The EB5 immigrant visa requires no treaty and is therefore generally available to citizens of all countries.  Further, this allows much greater flexibility in how the investment and ownership are structured.  Cash and non-cash property invested are both considered, but there is a minimum qualifying investment required for the foreign entrepreneur.  An investment of $1 million by each foreign entrepreneur seeking to apply is generally required, but that amount is reduced to $500,000 for investments in areas with unemployment 150 percent above the national average, or in rural areas targeted for employment creation.  Americans can also invest, with no minimum percentage ownership requirements.  At least 10 full-time equivalent jobs for US workers per EB5 applicant must be created, but there are special rules for investment in troubled businesses that allow the jobs saved to be considered as well.   Residence is initially granted for a two-year conditional period, but thereafter becomes permanent with proof that the required number of jobs were created and the required investment remained at risk in the enterprise.
  • H-1B and EB2 or EB3 Professional Visas

    These are the visas that most businesses in the US rely upon to obtain skills not readily available.  Although not designed specifically for startups, all three of these visas are regularly and successfully used by them.

    The H-1B nonimmigrant visa allows foreign professionals to be employed in their profession in the US.  A relevant bachelor's or higher degree from an American university or the equivalent is required, as is an offer of employment with wages and benefits at least equal to the average paid to similarly employed US workers in the same region.  The compensation requirement limits the ability of startups to bring on foreign professionals with stock options in lieu of wages, regardless of how the American employees are paid.  Notwithstanding the fact that the USCIS lists the H-1B as part of its Entrepreneur in Residence program, the agency will refuse to grant the H-1B if not satisfied that others will sufficiently control the entrepreneur's work as an employee, which limits the roles available.  Since 1990, only a limited number of new H-1B visas are granted each year.  This quota is consistently inadequate to meet demand, with no new H-1Bs available for most of each of the fiscal years since 2004.  This quota problem has not existed for the similar TN, E-3 and H-1B1 professional visas, but those are only available to citizens of Canada and Mexico (TN), Australia (E-3), and Singapore and Chile (H-1B1).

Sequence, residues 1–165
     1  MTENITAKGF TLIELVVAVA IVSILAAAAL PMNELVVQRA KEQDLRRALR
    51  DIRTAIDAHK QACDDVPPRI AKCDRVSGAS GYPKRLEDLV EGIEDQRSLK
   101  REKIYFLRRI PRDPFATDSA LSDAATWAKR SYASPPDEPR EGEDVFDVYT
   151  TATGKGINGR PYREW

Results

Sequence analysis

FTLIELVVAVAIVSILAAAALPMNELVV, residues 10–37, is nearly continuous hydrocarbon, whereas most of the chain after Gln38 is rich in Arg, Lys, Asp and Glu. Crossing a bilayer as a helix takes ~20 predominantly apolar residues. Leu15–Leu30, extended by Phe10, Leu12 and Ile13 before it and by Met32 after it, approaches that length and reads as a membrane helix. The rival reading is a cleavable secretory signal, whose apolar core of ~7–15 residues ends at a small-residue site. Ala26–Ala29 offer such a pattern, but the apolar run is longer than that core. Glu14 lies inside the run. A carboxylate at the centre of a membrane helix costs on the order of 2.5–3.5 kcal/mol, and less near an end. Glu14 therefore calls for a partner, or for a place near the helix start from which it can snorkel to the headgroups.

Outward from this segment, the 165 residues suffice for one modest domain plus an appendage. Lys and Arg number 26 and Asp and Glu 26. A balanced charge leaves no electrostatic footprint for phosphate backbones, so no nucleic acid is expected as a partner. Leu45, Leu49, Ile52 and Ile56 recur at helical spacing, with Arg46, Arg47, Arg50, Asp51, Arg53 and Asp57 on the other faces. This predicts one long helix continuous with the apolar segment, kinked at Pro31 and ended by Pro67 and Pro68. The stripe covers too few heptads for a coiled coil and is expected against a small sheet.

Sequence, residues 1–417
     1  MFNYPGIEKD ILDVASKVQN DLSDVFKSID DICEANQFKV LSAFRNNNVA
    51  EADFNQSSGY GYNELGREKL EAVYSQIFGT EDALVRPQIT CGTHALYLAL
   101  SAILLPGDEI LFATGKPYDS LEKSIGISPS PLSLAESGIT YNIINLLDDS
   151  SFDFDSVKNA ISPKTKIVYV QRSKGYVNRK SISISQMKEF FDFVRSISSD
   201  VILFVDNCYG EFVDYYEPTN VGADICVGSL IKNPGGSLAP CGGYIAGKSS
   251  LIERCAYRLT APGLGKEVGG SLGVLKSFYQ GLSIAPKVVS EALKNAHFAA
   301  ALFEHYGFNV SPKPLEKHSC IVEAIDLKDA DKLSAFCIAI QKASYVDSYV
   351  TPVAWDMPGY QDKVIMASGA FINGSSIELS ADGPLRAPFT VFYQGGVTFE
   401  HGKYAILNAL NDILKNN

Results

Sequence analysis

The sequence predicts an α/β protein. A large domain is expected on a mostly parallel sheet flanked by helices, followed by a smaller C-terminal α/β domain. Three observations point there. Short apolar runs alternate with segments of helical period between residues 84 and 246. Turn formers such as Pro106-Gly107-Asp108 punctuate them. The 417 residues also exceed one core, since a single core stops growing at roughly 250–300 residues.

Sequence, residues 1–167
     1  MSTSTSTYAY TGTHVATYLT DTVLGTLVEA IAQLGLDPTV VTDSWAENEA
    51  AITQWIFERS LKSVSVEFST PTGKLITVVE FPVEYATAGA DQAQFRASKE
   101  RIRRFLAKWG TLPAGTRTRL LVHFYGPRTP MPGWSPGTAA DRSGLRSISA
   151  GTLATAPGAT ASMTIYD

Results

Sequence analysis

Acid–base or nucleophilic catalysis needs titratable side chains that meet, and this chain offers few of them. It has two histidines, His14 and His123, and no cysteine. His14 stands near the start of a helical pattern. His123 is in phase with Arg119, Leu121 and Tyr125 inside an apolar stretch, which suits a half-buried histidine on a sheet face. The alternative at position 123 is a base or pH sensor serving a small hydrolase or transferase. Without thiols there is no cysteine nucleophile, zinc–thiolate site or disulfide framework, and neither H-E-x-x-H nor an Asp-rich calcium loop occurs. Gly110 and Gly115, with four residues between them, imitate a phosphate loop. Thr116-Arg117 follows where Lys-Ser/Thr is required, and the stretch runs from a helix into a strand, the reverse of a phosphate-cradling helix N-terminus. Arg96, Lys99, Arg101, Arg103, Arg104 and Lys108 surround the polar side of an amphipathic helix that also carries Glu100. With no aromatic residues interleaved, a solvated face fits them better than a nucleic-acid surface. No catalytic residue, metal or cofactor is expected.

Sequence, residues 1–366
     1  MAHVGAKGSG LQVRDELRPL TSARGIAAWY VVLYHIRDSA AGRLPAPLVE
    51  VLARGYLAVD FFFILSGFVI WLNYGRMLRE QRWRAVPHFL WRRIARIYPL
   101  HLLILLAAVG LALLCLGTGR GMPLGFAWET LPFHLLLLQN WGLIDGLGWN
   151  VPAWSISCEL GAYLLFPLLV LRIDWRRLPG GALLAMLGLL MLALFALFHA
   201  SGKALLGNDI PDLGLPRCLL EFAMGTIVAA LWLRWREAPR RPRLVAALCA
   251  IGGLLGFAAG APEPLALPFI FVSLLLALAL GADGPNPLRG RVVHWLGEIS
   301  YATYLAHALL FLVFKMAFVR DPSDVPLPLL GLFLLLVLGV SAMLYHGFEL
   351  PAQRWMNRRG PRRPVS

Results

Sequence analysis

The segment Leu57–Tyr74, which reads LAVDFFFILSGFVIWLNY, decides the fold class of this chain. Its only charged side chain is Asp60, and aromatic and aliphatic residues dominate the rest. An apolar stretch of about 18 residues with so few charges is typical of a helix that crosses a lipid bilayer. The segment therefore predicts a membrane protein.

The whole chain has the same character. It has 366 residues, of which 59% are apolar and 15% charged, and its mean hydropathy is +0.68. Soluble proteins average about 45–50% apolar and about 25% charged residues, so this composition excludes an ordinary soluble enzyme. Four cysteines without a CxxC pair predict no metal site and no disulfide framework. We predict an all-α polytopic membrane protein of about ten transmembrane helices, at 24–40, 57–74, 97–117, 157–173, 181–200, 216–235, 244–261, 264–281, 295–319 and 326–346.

The EB2 immigrant visa is for professionals with graduate degrees from an American university or the equivalent, while the EB3 is for professionals with undergraduate degrees or at least two years of relevant training/employment experience.  For both visas, as with the H-1B, there must be a sponsoring employer with the ability to pay at least the average paid to similarly employed US workers in the same region.  This limits how compensation to the entrepreneur can be structured.  In addition, the employer must already have the financial ability to pay the wage, rather than rely on future financial success, limiting the availability of this visa strategy to better funded startups..  The Department of Labor (DOL) must certify that the sponsoring employer was unable to locate US workers qualified, willing, and able to satisfactorily perform the job offered. The DOL tends to question whether the recruitment efforts required for certification were in good faith if the immigrant worker is a founder, owner, director or officer of the company, or has a relative in such a position.  Certification is not impossible, however, due consideration must be given to the role of the entrepreneur to satisfy the agency's concerns.